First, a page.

I don’t know about you, but I just don’t want to uni anymore.
Let’s make it clear, I don’t want to give up Dietetics. I love it so much and I’m SO excited to start working as a Dietitian, but uni? I’m done. Burnt out. Tired. Miserable. I hate uni work, I just want to go out on placement and learn things on the job, because I don’t know about you but that is how I actually learn. Not from reading PowerPoint slides.
Every day I log on to my social media and all I see is my coursemates working hard and revising. Morning noon and night. Every single day and having well deserved “treats” once a week or so. Myself? You’re lucky if I do 20 minutes reading at the moment to be honest. I’m a very very last minute person when it comes to work. I’ll prep and prep for weeks, in tiny little drips and drags. Then in the final few days, I cram. It’s what works for me, or at least, is what’s the best way for my mental health, surprisingly enough.
But I constantly feel like I should be working. Like I’m being judged because my exams in less than two weeks and I’ve barely done anything except watch a few YouTube videos and highlight a few pieces of paper.
What I’ve also found, both from students and professionals in my field is that their work seems to consume their whole life. I completely understand that if you’re passionate about something, you will put your all in and dedicate so much time to it, but I feel there’s a competitive pressure in our industry to “do the most” or “attend the most events” or “spend the most hours possible each day researching the carbon effect of omega 3s on donkey bottoms” or something like that. I can tell you one thing, I don’t. I love Dietetics but I don’t spend my free time reading papers and writing scientific blurbs.
Well, not strictly. I do a lot of blogging and I run an Instagram account (hey if you didn’t know, you can follow me here!) which are to do with food. I also read a lot about mental health, but again, this isn’t too connected to my degree. I follow lots of Dietitian’s and food accounts on social media, so technically I am always seeing something. But I don’t actively seek it out. I blog, I write, I take photos, I love fashion, I go shopping, I see friends, I go drinking, I visit new cities, I go for walks, I sit in bed binging Netflix and a tub of ice cream. That’s my way of living. Obviously, if people enjoy their career being their life and working all the time then that’s totally fine! Whatever makes people happy. But I don’t feel it makes everyone happy, I know it doesn’t make me. You can’t put your life on hold just to get a few extra marks on an assignment. Marks to me don’t matter, it’s how you are as a person. If you’re good at your career, it’ll show and you’ll make a difference. A patient ain’t gonna care that one Dietitian got 71 on an assignment and the other “”””only”””” got 56. They really don’t.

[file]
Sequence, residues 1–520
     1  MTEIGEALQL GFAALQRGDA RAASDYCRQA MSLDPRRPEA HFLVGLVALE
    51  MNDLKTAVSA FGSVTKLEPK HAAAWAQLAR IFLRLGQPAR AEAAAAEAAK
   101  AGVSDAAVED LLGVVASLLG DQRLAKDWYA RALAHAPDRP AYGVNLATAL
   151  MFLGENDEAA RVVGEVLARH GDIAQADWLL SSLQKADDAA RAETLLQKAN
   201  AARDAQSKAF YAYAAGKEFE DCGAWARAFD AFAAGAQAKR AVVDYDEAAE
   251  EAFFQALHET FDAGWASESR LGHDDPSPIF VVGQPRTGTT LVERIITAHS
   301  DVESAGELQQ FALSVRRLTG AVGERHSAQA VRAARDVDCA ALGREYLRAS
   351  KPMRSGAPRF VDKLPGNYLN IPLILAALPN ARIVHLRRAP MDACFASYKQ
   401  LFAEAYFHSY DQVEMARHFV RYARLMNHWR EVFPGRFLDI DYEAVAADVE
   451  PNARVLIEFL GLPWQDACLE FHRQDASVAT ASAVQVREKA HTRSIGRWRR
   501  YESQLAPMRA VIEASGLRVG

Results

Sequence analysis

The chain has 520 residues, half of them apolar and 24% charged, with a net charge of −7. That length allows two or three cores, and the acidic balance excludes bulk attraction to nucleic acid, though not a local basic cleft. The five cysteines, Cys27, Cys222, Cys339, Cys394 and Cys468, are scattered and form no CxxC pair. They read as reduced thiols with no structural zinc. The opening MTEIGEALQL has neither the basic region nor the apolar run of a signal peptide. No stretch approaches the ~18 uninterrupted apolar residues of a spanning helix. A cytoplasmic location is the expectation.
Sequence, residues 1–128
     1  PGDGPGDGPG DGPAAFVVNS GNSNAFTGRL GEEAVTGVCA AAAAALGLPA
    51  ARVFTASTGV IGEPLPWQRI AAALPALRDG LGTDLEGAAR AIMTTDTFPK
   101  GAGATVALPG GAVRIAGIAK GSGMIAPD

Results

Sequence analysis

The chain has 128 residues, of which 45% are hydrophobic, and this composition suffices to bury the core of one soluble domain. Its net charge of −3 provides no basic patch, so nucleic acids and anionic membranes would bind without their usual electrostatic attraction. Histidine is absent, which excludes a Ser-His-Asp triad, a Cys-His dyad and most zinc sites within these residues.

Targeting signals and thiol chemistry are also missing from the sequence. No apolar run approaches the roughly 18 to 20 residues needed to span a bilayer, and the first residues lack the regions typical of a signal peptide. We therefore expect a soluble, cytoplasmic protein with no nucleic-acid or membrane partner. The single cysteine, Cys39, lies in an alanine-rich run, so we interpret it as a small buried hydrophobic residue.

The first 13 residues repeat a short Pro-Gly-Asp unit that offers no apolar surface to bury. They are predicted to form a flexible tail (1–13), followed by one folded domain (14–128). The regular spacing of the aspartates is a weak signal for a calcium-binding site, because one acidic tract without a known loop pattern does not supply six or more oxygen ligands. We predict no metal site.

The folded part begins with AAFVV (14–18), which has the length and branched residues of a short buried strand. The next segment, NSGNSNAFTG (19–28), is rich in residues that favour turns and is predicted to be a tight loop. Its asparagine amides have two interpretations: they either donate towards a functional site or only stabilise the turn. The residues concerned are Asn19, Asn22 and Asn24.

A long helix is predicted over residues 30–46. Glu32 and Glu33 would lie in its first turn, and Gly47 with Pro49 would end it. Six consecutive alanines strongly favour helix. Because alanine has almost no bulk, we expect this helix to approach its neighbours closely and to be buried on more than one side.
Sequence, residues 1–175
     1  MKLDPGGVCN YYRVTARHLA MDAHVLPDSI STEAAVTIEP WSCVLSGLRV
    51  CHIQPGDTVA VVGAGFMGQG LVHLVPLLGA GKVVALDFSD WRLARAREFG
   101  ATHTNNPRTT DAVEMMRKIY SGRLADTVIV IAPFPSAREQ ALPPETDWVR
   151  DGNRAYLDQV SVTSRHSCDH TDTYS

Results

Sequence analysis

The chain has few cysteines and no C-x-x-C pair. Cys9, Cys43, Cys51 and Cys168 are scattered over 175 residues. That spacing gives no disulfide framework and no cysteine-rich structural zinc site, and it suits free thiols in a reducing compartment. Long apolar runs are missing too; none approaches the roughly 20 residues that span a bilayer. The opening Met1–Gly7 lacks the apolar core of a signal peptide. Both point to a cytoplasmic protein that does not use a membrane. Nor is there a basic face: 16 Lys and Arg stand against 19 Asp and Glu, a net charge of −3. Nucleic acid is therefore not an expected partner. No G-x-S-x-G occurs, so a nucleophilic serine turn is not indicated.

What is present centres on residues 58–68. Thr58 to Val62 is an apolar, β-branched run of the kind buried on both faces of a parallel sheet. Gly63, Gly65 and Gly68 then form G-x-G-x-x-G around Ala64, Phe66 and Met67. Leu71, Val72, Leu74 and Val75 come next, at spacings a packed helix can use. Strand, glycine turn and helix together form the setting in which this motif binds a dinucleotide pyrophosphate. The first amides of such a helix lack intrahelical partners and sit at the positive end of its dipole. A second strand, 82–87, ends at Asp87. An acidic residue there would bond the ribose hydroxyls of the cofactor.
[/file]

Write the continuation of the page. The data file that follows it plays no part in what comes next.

Last night, I just couldn’t settle after looking on social media. I went for a little crisp, autumn walk by the canal. I did some blogging, some baking and took a chilled evening off. Again. But do you know what? I needed it. I’ve had a manic weekend and yes, it may not have been full of work, but it was full of life. My body and mind just needed to do nothing, literally just slob, watch tv and have some peace and quiet.
Tomorrow’s a new day. Gym, uni, uni work, an afternoon in the outdoors then work. It’s jam packed, it’s busy and only around 10% of it will involve me doing uni work. But you know what, it works for me.
I love my career path, but my career path isn’t my life. I don’t have to dedicate my whole life to it if I don’t want to.
Emma is a Registered Dietitian and Registered Associate Nutritionist based in Cheshire, England. Emma works in community healthcare and writes freelance alongside her work: topics including Dietetic life, nutrition, mental health and lifestyle. Emma also writes and photographs recipes for the platform, as well as being the author of the ‘Mummy and Me’ series for SR Nutrition. Emma’s Food Stories is PR friendly brand.